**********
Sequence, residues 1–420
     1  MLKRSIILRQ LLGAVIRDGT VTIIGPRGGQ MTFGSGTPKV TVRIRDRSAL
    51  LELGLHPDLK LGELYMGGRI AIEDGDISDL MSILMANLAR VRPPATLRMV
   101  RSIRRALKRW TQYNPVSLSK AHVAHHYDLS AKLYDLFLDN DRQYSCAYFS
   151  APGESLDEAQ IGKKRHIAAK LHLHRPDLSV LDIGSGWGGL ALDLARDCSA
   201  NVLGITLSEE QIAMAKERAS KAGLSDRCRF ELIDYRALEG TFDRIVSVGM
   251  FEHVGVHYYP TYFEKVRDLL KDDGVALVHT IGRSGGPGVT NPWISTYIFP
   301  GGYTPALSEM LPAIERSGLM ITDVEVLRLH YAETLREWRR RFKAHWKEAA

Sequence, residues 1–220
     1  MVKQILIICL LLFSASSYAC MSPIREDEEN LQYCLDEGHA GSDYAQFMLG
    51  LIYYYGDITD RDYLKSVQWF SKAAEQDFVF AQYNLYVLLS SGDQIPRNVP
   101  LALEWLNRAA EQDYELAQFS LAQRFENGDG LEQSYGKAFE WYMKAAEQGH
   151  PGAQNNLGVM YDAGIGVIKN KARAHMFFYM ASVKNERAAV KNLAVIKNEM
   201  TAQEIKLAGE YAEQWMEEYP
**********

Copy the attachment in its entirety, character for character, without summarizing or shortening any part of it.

Sequence, residues 1–420
     1  MLKRSIILRQ LLGAVIRDGT VTIIGPRGGQ MTFGSGTPKV TVRIRDRSAL
    51  LELGLHPDLK LGELYMGGRI AIEDGDISDL MSILMANLAR VRPPATLRMV
   101  RSIRRALKRW TQYNPVSLSK AHVAHHYDLS AKLYDLFLDN DRQYSCAYFS
   151  APGESLDEAQ IGKKRHIAAK LHLHRPDLSV LDIGSGWGGL ALDLARDCSA
   201  NVLGITLSEE QIAMAKERAS KAGLSDRCRF ELIDYRALEG TFDRIVSVGM
   251  FEHVGVHYYP TYFEKVRDLL KDDGVALVHT IGRSGGPGVT NPWISTYIFP
   301  GGYTPALSEM LPAIERSGLM ITDVEVLRLH YAETLREWRR RFKAHWKEAA

Sequence, residues 1–220
     1  MVKQILIICL LLFSASSYAC MSPIREDEEN LQYCLDEGHA GSDYAQFMLG
    51  LIYYYGDITD RDYLKSVQWF SKAAEQDFVF AQYNLYVLLS SGDQIPRNVP
   101  LALEWLNRAA EQDYELAQFS LAQRFENGDG LEQSYGKAFE WYMKAAEQGH
   151  PGAQNNLGVM YDAGIGVIKN KARAHMFFYM ASVKNERAAV KNLAVIKNEM
   201  TAQEIKLAGE YAEQWMEEYP